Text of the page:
Landlords, check your tenant’s Right to Rent

Landlords, check your tenant’s Right to Rent

The Government has announced the Right To Rent checks will apply to the whole of England from 1st February 2016.

As of 1st February 2016, all private landlords in England will have to check that new tenants have the right to be in the UK before renting out their property. These will be known as Right To Rent checks.

The new reform follows the Immigration Act 2014 (IA 2014), which received Royal Assent on 14th May 2014.

The Act prohibits private landlords of residential properties from allowing certain people to occupy and rent those properties based on the occupier’s immigration status.

Checks will need to be made on the status of any prospective tenants, and other authorised occupiers, to determine whether those parties have the right to occupy the premises before granting a tenancy.

A check may be undertaken and recorded up to 28 days before the tenancy agreement comes into effect.

What this means for you

The majority of prospective tenants will have an unlimited Right To Rent, such as:

  • British citizens
  • Those from European Economic Area countries
  • Swiss nationals
  • People who have the right of abode in the UK

Others will have a time-limited Right To Rent, and some will have no Right To Rent.

You must carry out the checks fairly and without prejudice or discrimination.

The best way to ensure this is to treat all prospective tenants fairly and equally and in the same way. There were reports during the pilot scheme that landlords were simply turning away all non-British prospective tenants.

Any landlords found letting to someone who doesn’t have the right to be in the UK, and can’t show that the Right To Rent checks have been made, could face a fine of up to £3,000 per tenant.

However, the average penalty paid by landlords in the pilot scheme was £782.

A landlord will not be liable for the fine if they rent accommodation to someone with a time-limited Right To Rent.

But they must conduct follow-up checks at the appropriate date and notify the Home Office if the follow-up checks indicate that an occupier no longer has the Right To Rent.

Landlords who use agencies to manage or let their property may request their agents to carry out the checks for them. This agreement should be made in writing.

What are the first steps for checking a tenant’s Right To Rent?

  1. Check which adults will live at your property as their only or main home.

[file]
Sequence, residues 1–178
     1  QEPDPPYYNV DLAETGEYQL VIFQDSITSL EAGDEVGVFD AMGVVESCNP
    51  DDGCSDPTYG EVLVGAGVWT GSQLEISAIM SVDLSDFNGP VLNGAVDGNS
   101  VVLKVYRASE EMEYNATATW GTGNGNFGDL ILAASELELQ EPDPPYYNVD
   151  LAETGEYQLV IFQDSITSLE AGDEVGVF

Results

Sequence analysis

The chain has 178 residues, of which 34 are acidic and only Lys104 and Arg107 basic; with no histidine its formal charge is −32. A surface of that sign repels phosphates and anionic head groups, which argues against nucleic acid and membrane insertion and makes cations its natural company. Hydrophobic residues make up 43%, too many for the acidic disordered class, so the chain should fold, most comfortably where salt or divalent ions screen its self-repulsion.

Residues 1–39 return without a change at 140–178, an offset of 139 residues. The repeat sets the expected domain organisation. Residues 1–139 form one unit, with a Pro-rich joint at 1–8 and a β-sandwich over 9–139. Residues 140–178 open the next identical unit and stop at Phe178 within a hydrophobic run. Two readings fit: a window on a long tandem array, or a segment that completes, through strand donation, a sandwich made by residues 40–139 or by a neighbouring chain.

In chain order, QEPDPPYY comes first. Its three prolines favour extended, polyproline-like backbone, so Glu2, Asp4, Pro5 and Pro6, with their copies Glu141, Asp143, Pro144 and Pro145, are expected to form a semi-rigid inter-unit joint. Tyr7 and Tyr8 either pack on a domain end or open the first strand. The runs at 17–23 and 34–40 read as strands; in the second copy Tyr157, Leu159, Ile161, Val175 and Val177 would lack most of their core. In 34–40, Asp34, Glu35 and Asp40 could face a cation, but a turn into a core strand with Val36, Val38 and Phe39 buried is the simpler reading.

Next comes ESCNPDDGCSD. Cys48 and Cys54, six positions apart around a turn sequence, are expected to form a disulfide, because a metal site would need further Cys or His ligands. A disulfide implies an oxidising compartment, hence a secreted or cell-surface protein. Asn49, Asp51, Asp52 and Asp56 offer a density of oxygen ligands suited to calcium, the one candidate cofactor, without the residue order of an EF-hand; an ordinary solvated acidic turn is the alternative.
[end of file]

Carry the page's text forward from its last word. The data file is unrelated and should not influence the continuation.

2. See the original documents that allow the tenant to live in the UK.
  3. Check the documents are genuine and belong to the tenant, with the tenant present. For example, check that the photographs look like the tenant, the dates of birth and names are the same on all of the documents, and look for obvious signs of damage or change.
  4. Make and keep copies of the documents and record the date you made the check. Keep these records safe for the duration of the tenancy and one year after.
  5. If the tenant’s permission to stay in the UK is time limited, the landlord or agent must make follow-up checks on the tenant either just before the expiry date or after 12 months, whichever is longer. The landlord/agent must make a report to the Home Office if follow-up checks indicate that an occupier no longer has the Right to Rent.

What if you have time-limited tenants?

Landlords will not have to evict their tenants if they no longer have the Right To Rent.

However, a penalty will apply if:

  • The landlord/agent makes a repeat check and doesn’t contact and make a report to the Home Office saying that a tenant’s stay in the UK has run out.
  • The landlord/agent doesn’t make a repeat check on a tenant who has time- limited permission to stay in the UK.

Are there any exemptions to the scheme?

Yes, there are properties that will be exempt from the checks. These include:

  • Accommodation arranged by local authorities or relevant NHS bodies in response to a statutory duty
  • Care homes, hospitals and hospices
  • Social housing (including private properties let to social tenants)
  • Hostels and refuges that are managed by social landlords, voluntary organisations or charities
  • Tied accommodation
  • Student accommodation (halls of residence or properties provided for students directly by or nominated by a higher or further educational institution)
  • Long leases (right of occupation term of 7 years or more)

Need advice? Get in touch today

Please call Sarah Coates-Madden on 01482 324252.

Or email

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